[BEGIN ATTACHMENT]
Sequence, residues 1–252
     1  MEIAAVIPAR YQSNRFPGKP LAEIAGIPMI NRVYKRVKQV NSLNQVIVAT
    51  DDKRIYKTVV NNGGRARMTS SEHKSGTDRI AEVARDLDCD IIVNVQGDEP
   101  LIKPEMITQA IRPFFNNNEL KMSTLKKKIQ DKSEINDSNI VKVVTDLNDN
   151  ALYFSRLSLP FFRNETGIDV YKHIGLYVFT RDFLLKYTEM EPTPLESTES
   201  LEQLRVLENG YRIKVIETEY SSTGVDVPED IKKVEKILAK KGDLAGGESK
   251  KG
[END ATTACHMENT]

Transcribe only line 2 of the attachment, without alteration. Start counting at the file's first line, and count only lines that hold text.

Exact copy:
     1  MEIAAVIPAR YQSNRFPGKP LAEIAGIPMI NRVYKRVKQV NSLNQVIVAT